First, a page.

4. ^ "Tom Kenny Finds his Voice as SpongeBob SquarePants". backstage.com. Archived from the original on September 11, 2017. Retrieved June 22, 2017.
  5. ^ "Barry Crimmins's Life-Changing Comedy". The New Yorker. August 6, 2015. Archived from the original on June 16, 2017. Retrieved June 22, 2017.
  6. ^ "Louis C.K. directs CNY comedy legend Barry Crimmins' first-ever standup special". syracuse.com. October 24, 2016. Archived from the original on September 11, 2017. Retrieved June 21, 2017.
  7. ^ a b Wojciechowski, Michele (April 21, 2015). "Voice Artist Tom Kenny on Being SpongeBob SquarePants". Parade. Archived from the original on August 17, 2016. Retrieved July 15, 2016.
  8. ^ Nieratko, Chris (September 3, 2015). "Bobcat Goldthwait's Latest Documentary Examines Child Sexual Abuse". Vice. Archived from the original on September 19, 2016. Retrieved July 15, 2016.
  9. ^ "Tom Kenny—Sit Down Shut Up, The Batman, SpongeBob SquarePants—02/27/09". GrouchoReviews.com. Groucho Reviews. Archived from the original on September 22, 2017. Retrieved June 10, 2015.
  10. ^ Metro (February 2, 2015). "Interview: Tom Kenny talks voicing SpongeBob Squarepants and 'Mr. Show'". Metro New York. Archived from the original on January 9, 2021. Retrieved January 25, 2021.
  11. ^ Miller, Emily; Macchione, Elizabeth (June 14, 2003). "A discussion with Tom Kenny of 'SpongeBob Squarepants'". St. Augustine Record. Archived from the original on February 2, 2016.
  12. ^ "The Oral History of SpongeBob SquarePants". cartoonician.com. September 21, 2012. Archived from the original on August 5, 2019. Retrieved January 2, 2017.
  13. ^ "Lisa (Kiczuk) Trainor interviews Joe Murray, creator of Rocko's Modern Life Archived April 20, 2015, at archive.today", The Rocko's Modern Life FAQ
  14. ^ Lawson, Tim and Alisa Persons. The Magic Behind the Voices: A Who's Who of Cartoon Voice Actors. p.192 Archived January 3, 2014, at the Wayback Machine.
  15. ^ Q & A with Joe Murray Archived January 23, 2008, at the Wayback Machine", Cartoon Network Pressroom
  16. ^ "You Won't Believe Who Voices These Rick And Morty Characters | CCUK". Archived from the original on September 21, 2018. Retrieved September 21, 2018.
  17. ^ "Sit Down, Shut Up". Fox. Archived from the original on April 17, 2009. Retrieved April 14, 2009.
  18. ^ Silver, Stephen. "Best Buy Elf Debuts in Christmas Support Ad". Dealerscope. Archived from the original on December 3, 2013. Retrieved September 21, 2012.
  19. ^ Douglas, DC. "Experian (w/ Tom Kenny)". DCDouglas.com. Retrieved July 7, 2014.
  20. ^ Talking Tom and Friends (January 19, 2017), Talking Tom and Friends - Meet the Cast, archived from the original on October 30, 2021, retrieved July 1, 2018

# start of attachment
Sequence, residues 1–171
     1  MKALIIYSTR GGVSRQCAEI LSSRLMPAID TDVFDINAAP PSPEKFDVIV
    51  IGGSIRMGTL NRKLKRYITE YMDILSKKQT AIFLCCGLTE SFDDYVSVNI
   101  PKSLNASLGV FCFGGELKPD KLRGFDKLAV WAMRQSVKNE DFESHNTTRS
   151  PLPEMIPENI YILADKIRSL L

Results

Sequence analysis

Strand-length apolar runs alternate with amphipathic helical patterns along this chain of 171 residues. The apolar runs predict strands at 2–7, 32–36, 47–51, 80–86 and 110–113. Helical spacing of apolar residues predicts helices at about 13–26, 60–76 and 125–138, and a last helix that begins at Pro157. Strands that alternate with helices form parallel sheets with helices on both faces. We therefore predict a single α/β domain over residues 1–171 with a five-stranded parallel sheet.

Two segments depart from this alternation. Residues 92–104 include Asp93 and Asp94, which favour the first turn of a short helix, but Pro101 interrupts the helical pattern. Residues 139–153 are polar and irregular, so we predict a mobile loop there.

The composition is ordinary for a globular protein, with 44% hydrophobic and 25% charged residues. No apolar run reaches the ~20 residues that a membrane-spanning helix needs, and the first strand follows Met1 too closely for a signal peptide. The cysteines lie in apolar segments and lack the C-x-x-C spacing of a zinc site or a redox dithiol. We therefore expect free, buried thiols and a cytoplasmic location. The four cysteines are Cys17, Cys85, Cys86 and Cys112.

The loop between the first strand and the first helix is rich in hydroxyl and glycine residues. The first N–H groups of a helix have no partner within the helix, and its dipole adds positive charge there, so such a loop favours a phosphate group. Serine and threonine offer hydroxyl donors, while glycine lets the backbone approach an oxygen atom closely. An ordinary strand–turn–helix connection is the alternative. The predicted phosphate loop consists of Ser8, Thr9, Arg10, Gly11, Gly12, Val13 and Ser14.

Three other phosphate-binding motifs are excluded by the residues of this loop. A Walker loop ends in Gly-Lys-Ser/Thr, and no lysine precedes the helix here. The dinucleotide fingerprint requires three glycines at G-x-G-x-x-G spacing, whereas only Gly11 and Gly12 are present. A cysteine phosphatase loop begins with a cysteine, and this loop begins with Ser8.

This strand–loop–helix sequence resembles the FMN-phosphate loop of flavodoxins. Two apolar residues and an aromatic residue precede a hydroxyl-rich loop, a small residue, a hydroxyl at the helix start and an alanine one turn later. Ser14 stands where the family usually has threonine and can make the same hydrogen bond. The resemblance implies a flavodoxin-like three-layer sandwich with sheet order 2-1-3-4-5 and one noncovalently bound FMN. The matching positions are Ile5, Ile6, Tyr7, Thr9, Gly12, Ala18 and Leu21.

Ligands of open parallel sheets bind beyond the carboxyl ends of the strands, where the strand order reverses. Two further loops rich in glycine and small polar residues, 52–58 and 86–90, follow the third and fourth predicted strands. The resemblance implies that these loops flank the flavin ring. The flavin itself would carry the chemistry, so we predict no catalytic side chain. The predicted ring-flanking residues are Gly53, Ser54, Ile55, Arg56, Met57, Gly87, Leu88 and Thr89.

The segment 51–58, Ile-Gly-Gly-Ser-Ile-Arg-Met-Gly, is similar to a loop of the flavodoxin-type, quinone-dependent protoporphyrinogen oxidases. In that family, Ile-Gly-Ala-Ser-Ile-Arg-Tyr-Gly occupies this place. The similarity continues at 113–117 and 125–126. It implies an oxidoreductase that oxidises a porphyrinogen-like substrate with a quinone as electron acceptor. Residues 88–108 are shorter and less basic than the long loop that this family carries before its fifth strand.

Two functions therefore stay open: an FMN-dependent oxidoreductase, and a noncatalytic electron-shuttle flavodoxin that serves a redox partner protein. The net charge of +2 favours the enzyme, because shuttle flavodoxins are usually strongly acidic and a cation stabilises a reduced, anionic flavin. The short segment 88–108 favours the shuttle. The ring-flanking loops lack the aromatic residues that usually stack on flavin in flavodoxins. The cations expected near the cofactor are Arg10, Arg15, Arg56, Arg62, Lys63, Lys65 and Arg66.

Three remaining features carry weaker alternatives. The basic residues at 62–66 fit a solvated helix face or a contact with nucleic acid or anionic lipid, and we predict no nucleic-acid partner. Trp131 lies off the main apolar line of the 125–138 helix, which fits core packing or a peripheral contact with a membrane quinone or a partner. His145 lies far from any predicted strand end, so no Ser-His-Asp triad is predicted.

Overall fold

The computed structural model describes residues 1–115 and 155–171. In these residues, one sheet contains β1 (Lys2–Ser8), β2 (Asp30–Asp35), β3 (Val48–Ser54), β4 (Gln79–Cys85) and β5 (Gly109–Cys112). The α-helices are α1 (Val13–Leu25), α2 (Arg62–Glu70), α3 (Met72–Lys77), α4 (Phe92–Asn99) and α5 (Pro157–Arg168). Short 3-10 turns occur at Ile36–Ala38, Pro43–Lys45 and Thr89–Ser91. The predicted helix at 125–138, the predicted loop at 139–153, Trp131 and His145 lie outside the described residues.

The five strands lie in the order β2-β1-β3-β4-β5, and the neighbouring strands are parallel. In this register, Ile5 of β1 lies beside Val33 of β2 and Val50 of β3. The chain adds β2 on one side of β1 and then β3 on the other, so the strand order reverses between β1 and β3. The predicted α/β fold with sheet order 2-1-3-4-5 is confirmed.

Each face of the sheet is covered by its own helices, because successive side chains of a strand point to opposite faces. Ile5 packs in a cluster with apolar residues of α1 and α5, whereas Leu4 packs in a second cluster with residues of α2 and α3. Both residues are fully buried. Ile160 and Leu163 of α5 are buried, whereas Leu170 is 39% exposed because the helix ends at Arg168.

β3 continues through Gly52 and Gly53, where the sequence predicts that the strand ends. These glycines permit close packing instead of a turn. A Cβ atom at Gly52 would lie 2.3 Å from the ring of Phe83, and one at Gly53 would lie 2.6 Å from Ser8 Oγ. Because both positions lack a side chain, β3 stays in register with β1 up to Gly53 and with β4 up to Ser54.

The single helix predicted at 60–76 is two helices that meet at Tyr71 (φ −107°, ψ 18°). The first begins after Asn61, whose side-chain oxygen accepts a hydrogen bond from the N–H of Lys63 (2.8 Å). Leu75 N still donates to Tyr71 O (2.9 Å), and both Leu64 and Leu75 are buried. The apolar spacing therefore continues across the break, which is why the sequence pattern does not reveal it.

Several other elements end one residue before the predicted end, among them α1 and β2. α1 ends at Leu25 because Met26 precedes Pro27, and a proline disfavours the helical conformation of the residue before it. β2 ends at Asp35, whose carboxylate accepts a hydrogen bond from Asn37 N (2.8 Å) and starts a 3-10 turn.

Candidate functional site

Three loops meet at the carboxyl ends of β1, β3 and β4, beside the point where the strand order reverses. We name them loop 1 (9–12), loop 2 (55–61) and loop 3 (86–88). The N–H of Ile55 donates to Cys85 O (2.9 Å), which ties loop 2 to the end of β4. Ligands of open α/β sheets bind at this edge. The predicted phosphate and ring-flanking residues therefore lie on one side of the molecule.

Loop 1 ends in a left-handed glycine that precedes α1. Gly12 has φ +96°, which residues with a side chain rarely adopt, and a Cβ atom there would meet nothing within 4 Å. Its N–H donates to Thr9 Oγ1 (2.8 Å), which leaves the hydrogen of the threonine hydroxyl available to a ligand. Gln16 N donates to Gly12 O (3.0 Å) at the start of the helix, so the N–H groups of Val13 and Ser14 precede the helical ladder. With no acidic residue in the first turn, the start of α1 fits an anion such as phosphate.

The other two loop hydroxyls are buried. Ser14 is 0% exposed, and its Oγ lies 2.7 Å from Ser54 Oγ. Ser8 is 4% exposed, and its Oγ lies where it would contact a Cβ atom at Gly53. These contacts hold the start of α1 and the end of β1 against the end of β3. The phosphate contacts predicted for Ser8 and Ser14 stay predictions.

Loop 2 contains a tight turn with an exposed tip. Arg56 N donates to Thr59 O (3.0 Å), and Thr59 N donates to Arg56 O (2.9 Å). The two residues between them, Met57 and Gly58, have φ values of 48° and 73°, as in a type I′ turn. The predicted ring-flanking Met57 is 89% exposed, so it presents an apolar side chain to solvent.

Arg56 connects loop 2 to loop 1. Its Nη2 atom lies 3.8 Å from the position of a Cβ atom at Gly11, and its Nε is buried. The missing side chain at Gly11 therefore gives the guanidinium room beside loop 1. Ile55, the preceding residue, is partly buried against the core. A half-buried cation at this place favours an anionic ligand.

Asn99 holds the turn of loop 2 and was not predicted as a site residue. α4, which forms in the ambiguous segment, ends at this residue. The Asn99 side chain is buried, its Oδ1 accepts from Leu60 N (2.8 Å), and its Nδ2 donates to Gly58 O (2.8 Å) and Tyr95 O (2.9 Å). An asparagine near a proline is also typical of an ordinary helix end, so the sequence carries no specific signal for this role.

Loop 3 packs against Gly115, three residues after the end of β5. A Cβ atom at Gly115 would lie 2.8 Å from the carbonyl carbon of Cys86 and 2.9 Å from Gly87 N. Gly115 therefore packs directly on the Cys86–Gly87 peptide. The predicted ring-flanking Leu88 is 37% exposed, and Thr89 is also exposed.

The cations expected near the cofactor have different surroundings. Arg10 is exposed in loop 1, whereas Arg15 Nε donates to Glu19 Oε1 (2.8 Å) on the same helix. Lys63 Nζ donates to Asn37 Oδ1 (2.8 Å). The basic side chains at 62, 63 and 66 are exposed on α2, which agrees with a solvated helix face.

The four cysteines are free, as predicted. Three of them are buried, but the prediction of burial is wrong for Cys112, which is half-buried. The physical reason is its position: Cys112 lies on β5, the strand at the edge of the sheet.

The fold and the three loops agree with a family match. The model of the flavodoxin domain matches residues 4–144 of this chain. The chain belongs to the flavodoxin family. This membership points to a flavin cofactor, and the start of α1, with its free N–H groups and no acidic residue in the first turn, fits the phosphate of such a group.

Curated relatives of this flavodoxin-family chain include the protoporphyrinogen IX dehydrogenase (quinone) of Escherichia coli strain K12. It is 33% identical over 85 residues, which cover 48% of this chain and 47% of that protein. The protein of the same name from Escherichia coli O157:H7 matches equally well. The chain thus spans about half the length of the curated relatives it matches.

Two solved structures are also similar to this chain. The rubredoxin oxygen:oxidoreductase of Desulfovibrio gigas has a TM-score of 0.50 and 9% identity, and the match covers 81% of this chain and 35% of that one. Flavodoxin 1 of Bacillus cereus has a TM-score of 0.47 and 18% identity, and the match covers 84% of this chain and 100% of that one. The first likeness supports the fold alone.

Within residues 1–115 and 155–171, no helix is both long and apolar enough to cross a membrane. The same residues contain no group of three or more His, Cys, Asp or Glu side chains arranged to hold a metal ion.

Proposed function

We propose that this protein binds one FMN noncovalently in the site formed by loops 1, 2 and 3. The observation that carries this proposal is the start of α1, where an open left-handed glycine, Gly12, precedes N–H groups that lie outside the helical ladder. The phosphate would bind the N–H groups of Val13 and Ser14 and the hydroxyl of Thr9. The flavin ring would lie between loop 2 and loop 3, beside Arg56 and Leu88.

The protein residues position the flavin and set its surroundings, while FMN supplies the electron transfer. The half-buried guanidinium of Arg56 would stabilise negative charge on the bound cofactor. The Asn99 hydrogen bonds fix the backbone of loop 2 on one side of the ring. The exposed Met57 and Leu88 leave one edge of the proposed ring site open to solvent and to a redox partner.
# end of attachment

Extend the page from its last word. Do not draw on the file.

21. ^ Spyro: Year of the Dragon Manual (PDF). Sony Computer Entertainment, Inc. October 24, 2000. p. 18. Archived (PDF) from the original on April 7, 2018. Retrieved April 7, 2018.
  22. ^ "Spyro the Dragon is Back in the Spyro Reignited Trilogy!". Activision Blog. Kelly, Kevin. Archived from the original on April 6, 2018. Retrieved April 7, 2018.
  23. ^ @carlosalazraqui (December 10, 2023). "We both interchanged during those years at the conference. Not sure about 97" (Tweet). Retrieved February 16, 2024 – via Twitter.
  24. ^ HarmonQuest. October 20, 2019. Archived from the original on October 30, 2019. Retrieved October 30, 2019.
  25. ^ Shattuck, Kathryn (July 29, 2001). "For Young Viewers; For This Scientist, Children Are Like, er, Sponges". The New York Times. Archived from the original on February 2, 2017. Retrieved January 22, 2017.
  26. ^ Hipes, Patick (April 27, 2018). "Daytime Creative Arts Emmy Awards: 'Bold And The Beautiful', 'Sesame Street' Top Winners". Deadline Hollywood. Archived from the original on April 28, 2018. Retrieved April 29, 2018.
  27. ^ Lawler, Kelly. "Incredibly sweet 'SpongeBob Squarepants' 20th anniversary special has a human Krusty Krab". USA TODAY.
  28. ^ Flores, Terry (July 10, 2019). "'SpongeBob' Voice Cast on Acting Together in Live-Action for the First Time for 20th Anniversary Special". Variety.
  29. ^ Jones, Marcus (May 22, 2019). "David Hasselhoff makes a splash in 'SpongeBob' 20th anniversary special". EW.com.
  30. ^ SpongeBob Voice Star Tom Kenny Joins Nick’s ‘SpongeBob Musical’ Event as Patchy the Pirate (Video)
  31. ^ Seitz, Loree (August 1, 2023). "CBS Sports and Nickelodeon to Host Kid-Focused Alternative Super Bowl Telecast". TheWrap.
  32. ^ "Everything You Need to Know About Super Bowl LVIII!". Nick.
  33. ^ Burt, Kristian (February 19, 2024). "EXCLUSIVE: 'SpongeBob' actor Tom Kenny explains * that * Leonardo DiCaprio joke from Nickelodeon's Super Bowl broadcast". TODAY.com.
  34. ^ Woulfe, Molly (July 15, 2005). "Jill Talley: She's ready to 'Sponge' off the Cubbies". The Times of Northwest Indiana. Archived from the original on June 26, 2021.
  35. ^ Edwards, Ellen (November 30, 2004). "As the voice of SpongeBob, Tom Kenny knows it's hip to be square". Chicago Tribune. Archived from the original on August 18, 2018. Retrieved March 6, 2014.
  36. ^ Herbert, Geoff (January 8, 2015). "Tom Kenny, the voice of 'SpongeBob,' recalls growing up (sort of) in East Syracuse". syracuse.com. Archived from the original on July 11, 2019. Retrieved July 11, 2019.

External links

Preceded by Voice of Spyro the Dragon
1999–2002, 2018-present
Succeeded by
Preceded by Voice of Starscream
Succeeded by
Preceded by Voice of Wheelie
Succeeded by